The Slow-Network-Signaling Problem Revealed!

The Slow-Network-Signaling Problem Revealed!

All T.38 implementations are the same if they conform to the T.38 recommendation, right? Wrong! You could easily have a widely interoperable T.38 and have an intolerably low transaction success rate. Problem is, it is difficult to verify interoperability, and it’s even more difficult to determine performance. And to make matters worse, the parameters of T.38 performance aren’t even widely known.

As explained in the SIP Forum’s FoIP Interop Task Group’s problem statement (see

T.38 implementations vary as to features, interoperability, and performance. Features are usually quite obvious: Does the implementation support T.38 V3? ECM? Both UDPTL and TCP? Determining interoperability is more difficult, but can be readily done with T.38-specific test tools and time-in-market of the T.38 implementation. But by far the most difficult characteristic to determine is performance.

The TG has noted that few equipment vendors and even fewer enterprises and service providers understand the differences between interoperability and performance, and, if they did, doubt they could adequately test performance with the tools available today. The TG has indentified three metrics of T.38 relay performance:

    1. The delay tolerance of the relay. Some handle a fraction of a second; some up to five seconds. Packet-delay tolerance is the relay’s ability to keep the two T.30 end-point terminals engaged in the transaction in spite of packet delays. T.38 does not give any guidance on how to improve delay tolerance, but, as we know, it is improved through so-called spoofing techniques implemented by skilled T.38 relay developers. Better relays can handle up to five seconds of round-trip delay in the IP path.
    2. The Task Group identified multi-TDM-hop delays, which is exacerbated by high gateway latencies, as a problem. Part of the delay is the result of requirements of the T.38 recommendation. The requirement to suppress HDLC framing and CRC octets forces a delay of three HDLC payload octets (80ms) into the relay. To this you add IP transmit data buffering of, say, 40ms and PCM buffering. The PCM jitter buffer should be deep enough to accommodate the expected network delay, 160ms being a typical minimum. Performance can be affected by things such as whether the jitter buffer is dynamic, for example by emitting packets immediately if there are no errors.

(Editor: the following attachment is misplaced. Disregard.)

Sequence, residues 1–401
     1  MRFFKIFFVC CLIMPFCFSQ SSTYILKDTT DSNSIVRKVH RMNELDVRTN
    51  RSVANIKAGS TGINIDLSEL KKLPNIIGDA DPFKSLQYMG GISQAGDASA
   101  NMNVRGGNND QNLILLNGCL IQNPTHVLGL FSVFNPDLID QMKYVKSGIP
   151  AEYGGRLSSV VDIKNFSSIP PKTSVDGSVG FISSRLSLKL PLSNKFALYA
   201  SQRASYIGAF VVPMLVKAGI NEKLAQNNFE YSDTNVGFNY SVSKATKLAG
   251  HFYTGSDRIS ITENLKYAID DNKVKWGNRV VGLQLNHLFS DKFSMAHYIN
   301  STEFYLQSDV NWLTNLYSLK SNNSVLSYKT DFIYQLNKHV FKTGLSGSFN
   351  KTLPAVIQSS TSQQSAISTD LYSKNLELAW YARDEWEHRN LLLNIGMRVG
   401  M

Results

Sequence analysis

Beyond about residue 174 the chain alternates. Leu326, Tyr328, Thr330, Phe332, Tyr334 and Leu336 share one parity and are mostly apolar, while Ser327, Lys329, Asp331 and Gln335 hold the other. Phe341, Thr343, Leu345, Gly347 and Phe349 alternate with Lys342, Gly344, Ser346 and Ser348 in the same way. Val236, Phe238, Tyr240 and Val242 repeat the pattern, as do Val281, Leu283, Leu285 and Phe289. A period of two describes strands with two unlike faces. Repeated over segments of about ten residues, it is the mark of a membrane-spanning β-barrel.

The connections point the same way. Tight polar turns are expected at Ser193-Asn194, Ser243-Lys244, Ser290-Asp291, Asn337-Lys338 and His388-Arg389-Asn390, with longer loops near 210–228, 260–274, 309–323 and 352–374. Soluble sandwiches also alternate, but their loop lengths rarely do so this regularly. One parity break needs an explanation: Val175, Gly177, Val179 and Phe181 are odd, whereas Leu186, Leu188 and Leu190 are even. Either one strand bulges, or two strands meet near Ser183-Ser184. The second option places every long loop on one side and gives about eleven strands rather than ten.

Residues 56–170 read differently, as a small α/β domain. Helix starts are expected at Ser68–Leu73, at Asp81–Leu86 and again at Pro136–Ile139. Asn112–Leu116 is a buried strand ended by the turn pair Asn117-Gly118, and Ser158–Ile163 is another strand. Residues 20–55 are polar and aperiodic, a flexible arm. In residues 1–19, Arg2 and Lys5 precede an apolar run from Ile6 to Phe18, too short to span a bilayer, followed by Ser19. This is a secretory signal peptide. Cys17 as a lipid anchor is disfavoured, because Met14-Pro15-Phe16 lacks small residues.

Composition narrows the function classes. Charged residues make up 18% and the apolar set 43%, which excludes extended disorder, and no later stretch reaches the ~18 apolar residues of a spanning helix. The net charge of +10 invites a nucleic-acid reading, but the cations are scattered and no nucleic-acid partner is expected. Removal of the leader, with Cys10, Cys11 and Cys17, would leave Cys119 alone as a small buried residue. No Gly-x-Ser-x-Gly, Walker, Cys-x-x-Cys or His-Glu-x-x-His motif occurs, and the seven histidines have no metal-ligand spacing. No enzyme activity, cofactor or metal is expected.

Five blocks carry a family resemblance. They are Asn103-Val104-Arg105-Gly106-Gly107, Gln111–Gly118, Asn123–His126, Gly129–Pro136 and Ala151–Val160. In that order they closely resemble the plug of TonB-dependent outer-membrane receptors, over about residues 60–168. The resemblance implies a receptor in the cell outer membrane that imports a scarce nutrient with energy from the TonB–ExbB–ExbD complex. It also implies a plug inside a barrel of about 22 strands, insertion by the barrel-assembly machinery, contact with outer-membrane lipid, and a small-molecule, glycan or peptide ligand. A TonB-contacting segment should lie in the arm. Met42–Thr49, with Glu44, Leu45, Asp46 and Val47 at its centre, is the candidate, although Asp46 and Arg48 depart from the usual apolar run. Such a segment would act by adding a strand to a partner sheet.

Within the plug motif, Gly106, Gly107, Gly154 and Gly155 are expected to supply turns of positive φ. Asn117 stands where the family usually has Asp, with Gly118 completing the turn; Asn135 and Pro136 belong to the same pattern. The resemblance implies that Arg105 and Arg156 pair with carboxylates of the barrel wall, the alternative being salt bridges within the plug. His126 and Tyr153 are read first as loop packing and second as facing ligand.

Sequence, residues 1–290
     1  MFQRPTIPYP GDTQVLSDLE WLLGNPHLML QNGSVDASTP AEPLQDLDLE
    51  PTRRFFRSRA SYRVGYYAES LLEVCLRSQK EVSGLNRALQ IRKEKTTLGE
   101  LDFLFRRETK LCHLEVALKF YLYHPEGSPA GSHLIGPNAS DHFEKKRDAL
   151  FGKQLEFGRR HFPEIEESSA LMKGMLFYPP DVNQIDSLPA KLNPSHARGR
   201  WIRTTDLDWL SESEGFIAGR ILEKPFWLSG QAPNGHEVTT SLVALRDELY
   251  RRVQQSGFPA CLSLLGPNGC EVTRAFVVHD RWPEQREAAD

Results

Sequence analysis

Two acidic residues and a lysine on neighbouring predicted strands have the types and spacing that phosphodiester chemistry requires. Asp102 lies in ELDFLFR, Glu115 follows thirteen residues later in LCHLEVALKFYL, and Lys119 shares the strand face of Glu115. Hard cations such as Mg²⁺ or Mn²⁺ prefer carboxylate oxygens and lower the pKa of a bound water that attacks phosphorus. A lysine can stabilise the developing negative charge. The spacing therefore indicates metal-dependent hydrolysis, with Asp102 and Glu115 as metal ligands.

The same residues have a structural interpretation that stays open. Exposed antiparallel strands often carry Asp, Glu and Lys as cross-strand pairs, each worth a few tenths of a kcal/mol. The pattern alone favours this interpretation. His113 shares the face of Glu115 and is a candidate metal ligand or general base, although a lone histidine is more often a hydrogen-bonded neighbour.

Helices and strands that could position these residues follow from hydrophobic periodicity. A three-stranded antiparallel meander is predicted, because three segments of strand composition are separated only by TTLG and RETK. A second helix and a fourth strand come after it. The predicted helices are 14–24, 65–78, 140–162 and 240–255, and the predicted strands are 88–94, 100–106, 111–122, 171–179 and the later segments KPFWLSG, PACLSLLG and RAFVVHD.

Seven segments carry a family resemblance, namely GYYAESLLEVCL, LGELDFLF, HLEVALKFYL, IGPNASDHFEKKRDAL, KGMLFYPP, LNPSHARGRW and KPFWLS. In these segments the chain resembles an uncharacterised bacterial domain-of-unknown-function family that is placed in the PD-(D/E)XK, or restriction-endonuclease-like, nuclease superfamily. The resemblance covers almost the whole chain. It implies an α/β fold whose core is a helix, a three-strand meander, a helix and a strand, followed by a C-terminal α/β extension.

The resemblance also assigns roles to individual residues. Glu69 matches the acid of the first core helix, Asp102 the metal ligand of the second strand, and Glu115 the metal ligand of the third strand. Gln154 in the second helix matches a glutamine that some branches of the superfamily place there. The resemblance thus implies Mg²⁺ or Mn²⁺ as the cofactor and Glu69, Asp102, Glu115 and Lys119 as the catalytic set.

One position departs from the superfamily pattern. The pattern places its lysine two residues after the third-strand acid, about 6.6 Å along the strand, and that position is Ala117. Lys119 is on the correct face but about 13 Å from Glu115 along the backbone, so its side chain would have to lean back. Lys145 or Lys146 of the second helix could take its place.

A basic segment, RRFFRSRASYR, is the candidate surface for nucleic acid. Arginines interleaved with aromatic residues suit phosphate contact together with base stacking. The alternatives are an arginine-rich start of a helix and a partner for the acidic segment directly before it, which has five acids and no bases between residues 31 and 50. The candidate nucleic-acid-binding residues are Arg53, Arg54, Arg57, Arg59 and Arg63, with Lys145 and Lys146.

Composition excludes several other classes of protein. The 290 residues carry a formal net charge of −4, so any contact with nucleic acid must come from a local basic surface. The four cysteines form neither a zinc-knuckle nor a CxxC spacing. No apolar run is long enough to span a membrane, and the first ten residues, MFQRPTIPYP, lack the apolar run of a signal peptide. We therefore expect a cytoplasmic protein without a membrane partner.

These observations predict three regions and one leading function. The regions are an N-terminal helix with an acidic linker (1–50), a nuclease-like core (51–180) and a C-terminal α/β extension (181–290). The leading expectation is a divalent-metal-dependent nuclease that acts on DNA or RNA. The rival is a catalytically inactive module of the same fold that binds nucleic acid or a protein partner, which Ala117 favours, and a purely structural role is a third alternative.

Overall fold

3. A relay’s ability to handle the situation that occurs when packet loss exceeds the redundancy or FEC settings is also a dimension of performance, not interop. How does the relay handle the modem signal when lost packets cannot be recovered? The high-speed modem of the receiving fax terminal will see the error, possibly producing a bad line or lines, depending on the mode. But how does the relay handle the control frames that cannot be recovered in time? What does the relay do when the V.21-preamble signal is missing? What about a missing V.21 octet? T.38 doesn’t say, but the answers will determine whether the session succeeds or fails. This has to do with relay performance, not interoperability

I couldn’t have said it better myself.

Not mentioned by the FoIP Task Group is the effect on performance of how a gateway handles late-arriving T.38 re-invites, which is a result of signaling delays within the carrier network. Commetrex has determined that if an on-ramp gateway (the calling end) blindly accepts a T.38 re-invite from its off-ramp peer, the on-ramp gateway can actually cause a session, which would have otherwise succeeded, to immediately fail.

Commetrex to the rescue! Commetrex’ licensed fax-relay software includes patent-applied-for technology that puts intelligence into whether to accept a T.38 re-invite, eliminating this as a cause of failed sessions, boosting transaction success rate by, typically, 10%.

On one large-footprint network we tested, fully 10-percent of the T.38 re-invites took over five seconds to arrive, with most of those resulting in transaction failures, which averaged over 8 seconds. Applying our new technology took care of the problem, boosting an IP-based fax-broadcast server’s transaction success rate to equal that of a multi-line intelligent ISDN fax board.

Of course, refusing a T.38 re-invite means continuing the session in what is called “G.711 pass-through mode,” so you’d better have a server that supports both T.38 and G.711 pass through. Of course, gateways and ATAs support both, and they are plagued by this problem, unless, of course, they have Commetrex technology inside.

And if you’re thinking that G.711 won’t work, you should tune in for next week’s blog post to learn about how Commetrex fax-technology innovation has solved that problem, as well.

Bottom line: Experience matters … performance matters. FoIP is finally here!

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